National defense act denies due process
Congress has passed something like the National Defense Authorization Act every year for the last 50 years. It basically funds our military.
What was different this year is it included language authorizing the indefinite military detention of individuals who may be suspected of supporting hostilities against the United States (Sections 1021 and 1022).
Sounds like terrorists, right? Except that it doesn’t define “support” or “hostilities,” and it denies U.S. citizens constitutional rights of due process to protect themselves against unfounded accusations or activities that are well within freedoms of expression.
And who gets to decide that? Not the courts, but the government, specifically the president.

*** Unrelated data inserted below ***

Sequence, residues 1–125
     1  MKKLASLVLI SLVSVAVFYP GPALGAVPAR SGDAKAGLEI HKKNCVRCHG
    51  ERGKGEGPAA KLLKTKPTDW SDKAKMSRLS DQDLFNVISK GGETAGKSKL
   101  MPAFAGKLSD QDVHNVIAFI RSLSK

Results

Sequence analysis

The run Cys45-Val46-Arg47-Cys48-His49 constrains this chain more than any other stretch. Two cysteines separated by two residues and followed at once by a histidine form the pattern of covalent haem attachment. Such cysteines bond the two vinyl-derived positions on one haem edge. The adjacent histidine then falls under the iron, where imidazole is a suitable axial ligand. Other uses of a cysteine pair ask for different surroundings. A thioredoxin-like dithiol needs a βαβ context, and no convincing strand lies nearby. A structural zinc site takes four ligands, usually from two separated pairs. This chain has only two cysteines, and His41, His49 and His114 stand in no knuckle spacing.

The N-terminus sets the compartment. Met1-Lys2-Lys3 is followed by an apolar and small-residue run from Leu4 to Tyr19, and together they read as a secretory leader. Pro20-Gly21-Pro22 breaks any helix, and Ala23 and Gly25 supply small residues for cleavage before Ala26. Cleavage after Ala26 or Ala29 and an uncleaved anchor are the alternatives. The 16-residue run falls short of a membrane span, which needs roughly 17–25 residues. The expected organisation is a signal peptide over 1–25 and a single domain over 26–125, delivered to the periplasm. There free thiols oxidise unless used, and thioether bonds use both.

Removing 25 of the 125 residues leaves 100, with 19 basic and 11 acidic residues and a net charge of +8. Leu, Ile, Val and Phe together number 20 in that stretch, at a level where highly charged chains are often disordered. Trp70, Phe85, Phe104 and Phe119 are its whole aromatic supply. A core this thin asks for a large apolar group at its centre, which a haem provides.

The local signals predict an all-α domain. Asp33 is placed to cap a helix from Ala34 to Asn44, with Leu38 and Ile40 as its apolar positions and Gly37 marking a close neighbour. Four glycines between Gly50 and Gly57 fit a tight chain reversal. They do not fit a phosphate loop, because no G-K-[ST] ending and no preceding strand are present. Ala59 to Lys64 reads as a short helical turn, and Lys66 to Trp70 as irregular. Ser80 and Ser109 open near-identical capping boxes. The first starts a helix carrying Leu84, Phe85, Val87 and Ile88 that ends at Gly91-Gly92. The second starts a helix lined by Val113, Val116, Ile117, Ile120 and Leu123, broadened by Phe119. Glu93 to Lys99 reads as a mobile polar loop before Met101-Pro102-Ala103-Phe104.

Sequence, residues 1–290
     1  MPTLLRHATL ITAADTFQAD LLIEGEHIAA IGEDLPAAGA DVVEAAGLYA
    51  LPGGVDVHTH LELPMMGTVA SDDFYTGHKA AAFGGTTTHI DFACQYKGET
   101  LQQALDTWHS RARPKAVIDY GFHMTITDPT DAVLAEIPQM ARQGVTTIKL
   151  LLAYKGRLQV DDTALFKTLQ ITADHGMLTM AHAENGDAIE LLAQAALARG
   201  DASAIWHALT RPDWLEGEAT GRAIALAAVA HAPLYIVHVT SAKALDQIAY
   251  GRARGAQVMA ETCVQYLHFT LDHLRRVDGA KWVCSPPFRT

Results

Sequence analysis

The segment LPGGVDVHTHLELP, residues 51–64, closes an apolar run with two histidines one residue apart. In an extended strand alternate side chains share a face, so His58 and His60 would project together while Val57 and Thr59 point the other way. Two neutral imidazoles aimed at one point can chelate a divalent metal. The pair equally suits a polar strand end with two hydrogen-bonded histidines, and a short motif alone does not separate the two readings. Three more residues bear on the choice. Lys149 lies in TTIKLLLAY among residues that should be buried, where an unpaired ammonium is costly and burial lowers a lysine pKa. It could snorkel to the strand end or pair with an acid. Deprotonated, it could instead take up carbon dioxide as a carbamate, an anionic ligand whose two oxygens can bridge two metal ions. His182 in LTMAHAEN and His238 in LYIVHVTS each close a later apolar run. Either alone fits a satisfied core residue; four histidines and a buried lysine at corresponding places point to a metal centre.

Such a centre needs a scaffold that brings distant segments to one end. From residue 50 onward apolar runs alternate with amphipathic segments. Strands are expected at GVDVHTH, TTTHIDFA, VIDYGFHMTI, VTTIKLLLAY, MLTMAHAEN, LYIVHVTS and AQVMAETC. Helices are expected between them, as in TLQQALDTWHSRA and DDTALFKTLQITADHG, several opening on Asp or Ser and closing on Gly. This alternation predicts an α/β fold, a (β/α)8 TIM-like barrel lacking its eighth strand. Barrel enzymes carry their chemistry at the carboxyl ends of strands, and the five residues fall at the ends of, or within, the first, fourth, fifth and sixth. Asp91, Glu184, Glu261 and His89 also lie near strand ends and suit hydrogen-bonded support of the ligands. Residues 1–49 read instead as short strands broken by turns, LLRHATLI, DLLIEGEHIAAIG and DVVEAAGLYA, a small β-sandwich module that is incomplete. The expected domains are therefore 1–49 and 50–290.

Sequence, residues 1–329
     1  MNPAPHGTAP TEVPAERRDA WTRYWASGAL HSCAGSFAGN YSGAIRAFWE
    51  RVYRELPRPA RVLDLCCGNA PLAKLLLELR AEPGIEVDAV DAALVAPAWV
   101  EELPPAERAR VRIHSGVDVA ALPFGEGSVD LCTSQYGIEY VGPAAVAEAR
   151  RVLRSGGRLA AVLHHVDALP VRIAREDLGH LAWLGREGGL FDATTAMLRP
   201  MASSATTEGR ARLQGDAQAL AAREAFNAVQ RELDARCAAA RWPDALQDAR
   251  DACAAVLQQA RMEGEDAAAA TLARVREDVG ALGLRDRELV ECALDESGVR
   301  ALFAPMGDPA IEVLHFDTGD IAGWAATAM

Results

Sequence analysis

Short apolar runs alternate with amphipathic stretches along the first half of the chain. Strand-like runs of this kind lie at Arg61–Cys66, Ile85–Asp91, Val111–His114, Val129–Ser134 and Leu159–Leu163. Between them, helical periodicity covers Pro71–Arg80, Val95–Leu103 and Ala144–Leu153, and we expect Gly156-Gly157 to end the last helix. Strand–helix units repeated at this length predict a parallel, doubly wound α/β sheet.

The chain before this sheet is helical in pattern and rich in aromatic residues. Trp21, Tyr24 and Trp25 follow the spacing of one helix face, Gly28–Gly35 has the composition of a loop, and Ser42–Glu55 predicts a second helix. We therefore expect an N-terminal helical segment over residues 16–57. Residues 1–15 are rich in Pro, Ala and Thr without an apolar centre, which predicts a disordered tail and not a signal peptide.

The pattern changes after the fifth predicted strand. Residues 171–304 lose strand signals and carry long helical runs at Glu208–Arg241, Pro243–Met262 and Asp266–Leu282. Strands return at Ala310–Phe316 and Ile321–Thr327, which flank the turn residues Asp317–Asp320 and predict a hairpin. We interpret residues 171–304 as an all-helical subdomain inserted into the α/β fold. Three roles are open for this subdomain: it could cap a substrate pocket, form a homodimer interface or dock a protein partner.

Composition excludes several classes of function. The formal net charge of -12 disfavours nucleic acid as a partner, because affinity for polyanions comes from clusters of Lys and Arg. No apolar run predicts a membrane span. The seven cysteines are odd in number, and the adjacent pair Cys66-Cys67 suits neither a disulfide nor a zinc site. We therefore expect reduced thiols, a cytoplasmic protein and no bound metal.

That is not the America I grew up in. This is also not a partisan issue.
Forbes Magazine says: “The NDAA authorizes the military to detain even US citizens under the broad new anti-terrorism provisions provided in the bill, once again without trial.”
And the ACLU says: “President (Barack) Obama’s action today is a blight on his legacy because he will forever be known as the president who signed indefinite detention without charge or trial into law.”
Liberal and conservative congressmen have introduced bills reaffirming our due process protections (H.R. 3702 and S. 2003). Rep. Ron Paul, R-Texas, has introduced a bill amending the language of the act, and left-leaning, Pulitzer Prize-winning author Chris Hedges has just sued the president over it.
Time to be concerned. Time to write your congressman.